Features of L2LPs


Features describe practices, approaches and elements you would expect to see at work in a learning programme. They may not be continuously in evidence, but reflect how the programmes are realised in schools and other settings. The features identified are neither exhaustive nor exclusive. While they allow for flexibility in the design and implementation of learning programmes, they also ensure a certain degree of coherence across them.

Collaborating
Programme planning requires a collaborative approach, between students, their parents, subject teachers, learningsupport or resource teachers, special needs assistants, and other relevant professionals.

Personalising learning
Tailoring teaching and learning to individual learning needs is necessary to achieve the best possible progress and outcomes for the student. Relating programmes to a student’s IEP where one exists, achieves a better fit between the programme and the student’s prior knowledge, learning achievements, special interests and future aspirations. Given the diversity of students who can undertake a L2LP an universal approach is key.

Transferring learning
Building the capacity of the student to transfer learning to new situations is a priority. Students need considerable and continual support to develop this capacity. This involves offering regular opportunities for learning activity that sees the student transferring learning from one context to another, reinforcing the initial learning and building on it.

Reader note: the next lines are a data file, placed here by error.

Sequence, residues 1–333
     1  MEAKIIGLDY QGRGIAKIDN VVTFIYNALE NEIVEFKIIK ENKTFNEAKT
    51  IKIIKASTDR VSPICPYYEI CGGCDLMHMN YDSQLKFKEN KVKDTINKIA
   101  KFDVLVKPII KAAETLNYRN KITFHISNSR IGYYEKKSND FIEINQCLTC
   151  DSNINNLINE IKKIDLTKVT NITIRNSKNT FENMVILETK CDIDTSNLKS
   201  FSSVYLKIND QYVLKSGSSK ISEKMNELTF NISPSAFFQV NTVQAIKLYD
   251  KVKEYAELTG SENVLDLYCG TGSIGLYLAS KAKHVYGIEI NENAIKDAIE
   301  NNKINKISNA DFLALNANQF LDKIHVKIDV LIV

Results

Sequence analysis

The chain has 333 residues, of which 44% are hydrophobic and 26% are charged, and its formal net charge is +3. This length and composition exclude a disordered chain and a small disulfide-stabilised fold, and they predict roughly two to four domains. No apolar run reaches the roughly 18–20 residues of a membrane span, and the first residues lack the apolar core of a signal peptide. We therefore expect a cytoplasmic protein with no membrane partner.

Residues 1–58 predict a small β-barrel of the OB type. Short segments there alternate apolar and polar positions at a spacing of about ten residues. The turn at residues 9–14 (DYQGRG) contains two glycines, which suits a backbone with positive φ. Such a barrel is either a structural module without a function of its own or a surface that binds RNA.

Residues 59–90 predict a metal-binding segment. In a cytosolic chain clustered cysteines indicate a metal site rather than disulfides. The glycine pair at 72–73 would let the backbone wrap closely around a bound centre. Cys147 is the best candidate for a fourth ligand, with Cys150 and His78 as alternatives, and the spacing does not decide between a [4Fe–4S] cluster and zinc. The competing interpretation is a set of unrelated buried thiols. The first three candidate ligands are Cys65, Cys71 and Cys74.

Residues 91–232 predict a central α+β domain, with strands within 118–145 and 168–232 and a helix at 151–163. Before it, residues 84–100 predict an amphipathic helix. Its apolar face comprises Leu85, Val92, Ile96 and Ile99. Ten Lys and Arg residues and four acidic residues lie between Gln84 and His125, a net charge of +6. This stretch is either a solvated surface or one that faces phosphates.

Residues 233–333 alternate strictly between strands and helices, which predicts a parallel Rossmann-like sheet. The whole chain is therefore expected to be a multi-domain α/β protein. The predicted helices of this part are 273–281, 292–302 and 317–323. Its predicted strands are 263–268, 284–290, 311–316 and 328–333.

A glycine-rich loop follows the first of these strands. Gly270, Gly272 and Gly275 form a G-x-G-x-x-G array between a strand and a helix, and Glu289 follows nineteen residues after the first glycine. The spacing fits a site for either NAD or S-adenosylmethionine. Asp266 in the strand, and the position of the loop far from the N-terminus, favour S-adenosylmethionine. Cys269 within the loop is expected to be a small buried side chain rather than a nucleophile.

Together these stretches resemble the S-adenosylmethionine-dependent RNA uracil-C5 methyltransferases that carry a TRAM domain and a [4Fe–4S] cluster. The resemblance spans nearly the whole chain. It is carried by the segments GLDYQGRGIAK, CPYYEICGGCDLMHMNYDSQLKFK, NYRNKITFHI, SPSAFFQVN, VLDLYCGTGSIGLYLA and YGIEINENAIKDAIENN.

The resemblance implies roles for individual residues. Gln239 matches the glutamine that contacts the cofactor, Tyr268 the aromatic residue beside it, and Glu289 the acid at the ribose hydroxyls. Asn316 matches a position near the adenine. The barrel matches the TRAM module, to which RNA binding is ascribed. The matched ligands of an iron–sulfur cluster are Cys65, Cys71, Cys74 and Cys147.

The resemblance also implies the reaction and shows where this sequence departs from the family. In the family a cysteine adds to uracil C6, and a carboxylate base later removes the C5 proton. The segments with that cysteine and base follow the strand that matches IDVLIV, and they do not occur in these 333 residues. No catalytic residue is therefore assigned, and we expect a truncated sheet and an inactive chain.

Linking learning with the wider community
Tapping into resources within the local and wider community offers a variety of opportunities for the student to develop their vocational, social and personal skills. This might include work experience opportunities, linking with other schools and inviting guest speakers into the school.

Using information & communication technology (ICT)
The potential that ICT offers for students is recognized in the learning programme. ICT can enable students to complete tasks at their own pace in areas which might otherwise be difficult or stressful such as writing a story, reading activities, developing language skills and awareness, and numeracy. It can also enable students to progress their work individually while still being part of a wider class group.

Recognising progress and achievement
Although progress usually implies vertical movement through a hierarchy of knowledge, concepts and skills, progress for some students may be lateral in nature. Some students may continue to learn at the same level but in new and different contexts rather than moving to a higher level of complexity or
difficulty. Success is viewed in broader terms than those of academic achievement and accomplishment, and encompasses aspects of learning like effort and persistence.